Denver Joins Suit Against E-Cigarette Giant JUUL, Saying It Marketed To Teens
Colorado’s largest city is joining litigation against e-cigarette giant JUUL over its marketing. The suit contends JUUL’s marketing has played a driving role in high teen vaping rates seen nationwide and in Colorado, which has the country’s highest youth rate.
In the city of Denver, one in five teens say they vape electronic cigarettes, according to Denver Public Health.
“We're hoping to get the word out to our young people that vaping and e-cigarettes are not safe, they are not a healthy alternative, that there are serious health risks,” said city attorney Kristin Bronson in an interview. “They really need to stay away from these products.”
Greg Conley, president of the American Vaping Association, is skeptical about the growing number of lawsuits being filed against the company. "JUUL absolutely made mistakes in their earliest days, but from reading the complaints filed in many of these lawsuits, the lawsuits appear to be frivolous and won't survive very far into the litigation process," he said.
Bronson said she briefed Mayor Michael Hancock on the litigation and he signed a formal letter to file a lawsuit on behalf of the city against the company. “JUUL’s initial marketing was totally youth-oriented,” Bronson said, using images and sweet flavors to lure teens.
She noted a CDC report found a single JUUL pod contains as much highly addictive nicotine as a pack of cigarettes and that vape liquid can turn into aerosol. She said the liquid can contain toxic particles and volatile organic compounds shown to be linked to chronic obstructive pulmonary disease, seizures and other health concerns. But the company didn’t tell the public, she said.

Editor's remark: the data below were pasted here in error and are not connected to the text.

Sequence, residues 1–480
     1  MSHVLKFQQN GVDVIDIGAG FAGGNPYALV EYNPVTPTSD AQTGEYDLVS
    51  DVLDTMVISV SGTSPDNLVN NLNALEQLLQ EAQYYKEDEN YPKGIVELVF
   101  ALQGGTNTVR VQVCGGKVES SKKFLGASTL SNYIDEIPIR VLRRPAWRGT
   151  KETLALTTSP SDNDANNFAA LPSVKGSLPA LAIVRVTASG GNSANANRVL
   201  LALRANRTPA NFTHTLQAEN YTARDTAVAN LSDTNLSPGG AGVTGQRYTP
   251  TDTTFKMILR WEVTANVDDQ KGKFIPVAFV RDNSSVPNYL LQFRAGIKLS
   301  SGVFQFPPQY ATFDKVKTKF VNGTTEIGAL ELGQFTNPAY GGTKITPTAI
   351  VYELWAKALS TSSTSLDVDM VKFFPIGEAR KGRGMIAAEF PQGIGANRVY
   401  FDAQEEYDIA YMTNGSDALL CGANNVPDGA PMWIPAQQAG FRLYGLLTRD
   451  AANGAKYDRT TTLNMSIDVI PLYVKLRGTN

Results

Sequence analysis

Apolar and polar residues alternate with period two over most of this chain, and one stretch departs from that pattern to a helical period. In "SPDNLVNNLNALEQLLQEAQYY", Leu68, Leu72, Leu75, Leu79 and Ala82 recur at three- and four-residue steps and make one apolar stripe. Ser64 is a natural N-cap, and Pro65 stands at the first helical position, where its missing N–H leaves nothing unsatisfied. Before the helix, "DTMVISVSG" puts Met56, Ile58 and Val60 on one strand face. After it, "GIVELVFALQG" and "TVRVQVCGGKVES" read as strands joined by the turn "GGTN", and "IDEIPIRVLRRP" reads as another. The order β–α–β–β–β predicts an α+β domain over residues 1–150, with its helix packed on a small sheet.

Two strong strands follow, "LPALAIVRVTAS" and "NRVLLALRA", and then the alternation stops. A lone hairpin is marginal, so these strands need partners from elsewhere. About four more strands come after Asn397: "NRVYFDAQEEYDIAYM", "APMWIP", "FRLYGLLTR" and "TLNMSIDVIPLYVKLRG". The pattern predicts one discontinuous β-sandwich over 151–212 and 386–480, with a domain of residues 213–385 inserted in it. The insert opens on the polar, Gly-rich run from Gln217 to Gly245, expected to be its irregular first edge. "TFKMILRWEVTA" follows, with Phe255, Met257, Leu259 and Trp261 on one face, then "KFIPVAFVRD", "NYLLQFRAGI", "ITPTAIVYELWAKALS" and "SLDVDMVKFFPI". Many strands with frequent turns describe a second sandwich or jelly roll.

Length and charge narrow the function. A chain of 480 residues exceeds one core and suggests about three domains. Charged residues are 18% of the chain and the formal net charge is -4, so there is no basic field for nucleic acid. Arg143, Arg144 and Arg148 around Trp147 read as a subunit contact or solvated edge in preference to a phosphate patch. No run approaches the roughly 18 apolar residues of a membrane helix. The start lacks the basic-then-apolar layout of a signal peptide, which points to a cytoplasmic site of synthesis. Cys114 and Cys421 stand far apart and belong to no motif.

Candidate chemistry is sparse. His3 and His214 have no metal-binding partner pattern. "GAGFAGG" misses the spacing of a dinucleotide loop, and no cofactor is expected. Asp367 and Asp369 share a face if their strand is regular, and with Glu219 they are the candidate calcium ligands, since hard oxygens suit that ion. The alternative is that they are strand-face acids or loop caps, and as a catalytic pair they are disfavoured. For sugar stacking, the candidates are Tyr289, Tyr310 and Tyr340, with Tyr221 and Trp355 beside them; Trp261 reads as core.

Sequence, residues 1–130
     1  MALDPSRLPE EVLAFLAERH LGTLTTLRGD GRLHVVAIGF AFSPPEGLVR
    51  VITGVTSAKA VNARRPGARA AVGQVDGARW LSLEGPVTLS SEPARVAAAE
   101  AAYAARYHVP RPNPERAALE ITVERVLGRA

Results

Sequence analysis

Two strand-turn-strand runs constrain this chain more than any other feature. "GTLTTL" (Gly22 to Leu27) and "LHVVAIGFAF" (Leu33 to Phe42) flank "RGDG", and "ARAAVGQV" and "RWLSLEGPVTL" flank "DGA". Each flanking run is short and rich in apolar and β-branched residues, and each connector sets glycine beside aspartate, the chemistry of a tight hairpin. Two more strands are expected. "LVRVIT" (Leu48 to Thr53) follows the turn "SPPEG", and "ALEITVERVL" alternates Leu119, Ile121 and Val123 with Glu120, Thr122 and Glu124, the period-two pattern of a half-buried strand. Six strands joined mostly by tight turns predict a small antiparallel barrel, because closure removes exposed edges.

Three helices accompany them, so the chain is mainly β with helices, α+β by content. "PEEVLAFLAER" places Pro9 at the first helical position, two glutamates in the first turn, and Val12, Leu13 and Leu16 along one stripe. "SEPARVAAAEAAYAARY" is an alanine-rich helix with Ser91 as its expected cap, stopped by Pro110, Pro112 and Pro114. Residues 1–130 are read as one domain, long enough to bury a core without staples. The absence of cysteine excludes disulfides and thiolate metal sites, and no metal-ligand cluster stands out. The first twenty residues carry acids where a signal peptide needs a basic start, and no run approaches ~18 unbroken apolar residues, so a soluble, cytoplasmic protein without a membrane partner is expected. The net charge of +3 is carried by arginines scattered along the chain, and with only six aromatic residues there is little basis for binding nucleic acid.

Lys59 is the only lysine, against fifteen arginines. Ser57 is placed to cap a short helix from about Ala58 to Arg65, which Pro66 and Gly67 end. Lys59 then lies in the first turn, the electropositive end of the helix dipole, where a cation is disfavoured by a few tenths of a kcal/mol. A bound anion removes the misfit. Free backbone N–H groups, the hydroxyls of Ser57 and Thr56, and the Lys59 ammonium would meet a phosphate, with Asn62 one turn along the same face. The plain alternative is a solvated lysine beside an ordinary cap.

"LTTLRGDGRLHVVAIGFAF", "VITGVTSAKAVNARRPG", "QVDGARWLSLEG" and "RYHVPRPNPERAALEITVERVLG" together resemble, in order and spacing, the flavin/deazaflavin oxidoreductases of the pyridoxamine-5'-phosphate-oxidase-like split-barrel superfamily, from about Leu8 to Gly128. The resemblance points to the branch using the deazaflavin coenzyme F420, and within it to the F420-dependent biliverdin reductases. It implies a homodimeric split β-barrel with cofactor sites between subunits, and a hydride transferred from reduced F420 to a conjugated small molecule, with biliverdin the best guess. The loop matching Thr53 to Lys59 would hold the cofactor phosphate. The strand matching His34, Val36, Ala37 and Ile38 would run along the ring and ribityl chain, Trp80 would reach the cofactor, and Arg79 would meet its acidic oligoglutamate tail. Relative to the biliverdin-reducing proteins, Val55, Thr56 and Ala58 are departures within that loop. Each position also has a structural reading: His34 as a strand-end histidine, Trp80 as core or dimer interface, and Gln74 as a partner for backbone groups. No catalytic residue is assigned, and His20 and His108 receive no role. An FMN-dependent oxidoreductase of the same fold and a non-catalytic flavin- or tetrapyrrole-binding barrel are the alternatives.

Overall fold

“Their marketing practices were deceptive about the potency of these pods, and nicotine addiction and kids. So that is another basis for our lawsuit,” Bronson said.
Denver joins Boulder, Eagle and Pitkin counties in the litigation, which includes local governments in other states. The four governments have joined what’s called multi-district litigation. They signed up with a Seattle firm, Keller Rohrback, which represents counties and school districts, including some in Washington state, that are suing JUUL. King and Skagit counties, La Conner School District and Seattle Public schools have all recently sued JUUL.
According to papers filed in court, JUUL Labs' leaders carefully examined how big tobacco used sophisticated marketing to target teens and then used the same strategy.
JUUL didn’t immediately respond to a request for comment. But when other Colorado governments first joined the litigation, a spokesman said the company doesn't intend to attract underage users and is taking steps to combat underage use.
E-cigarettes are now the second most-tried substance among Colorado youth, after alcohol, according to Denver Public Health. “We are unfortunately ground zero for this crisis,” said Bronson.
One legal expert estimates JUUL now faces at least 200 lawsuits, including many from local governments.
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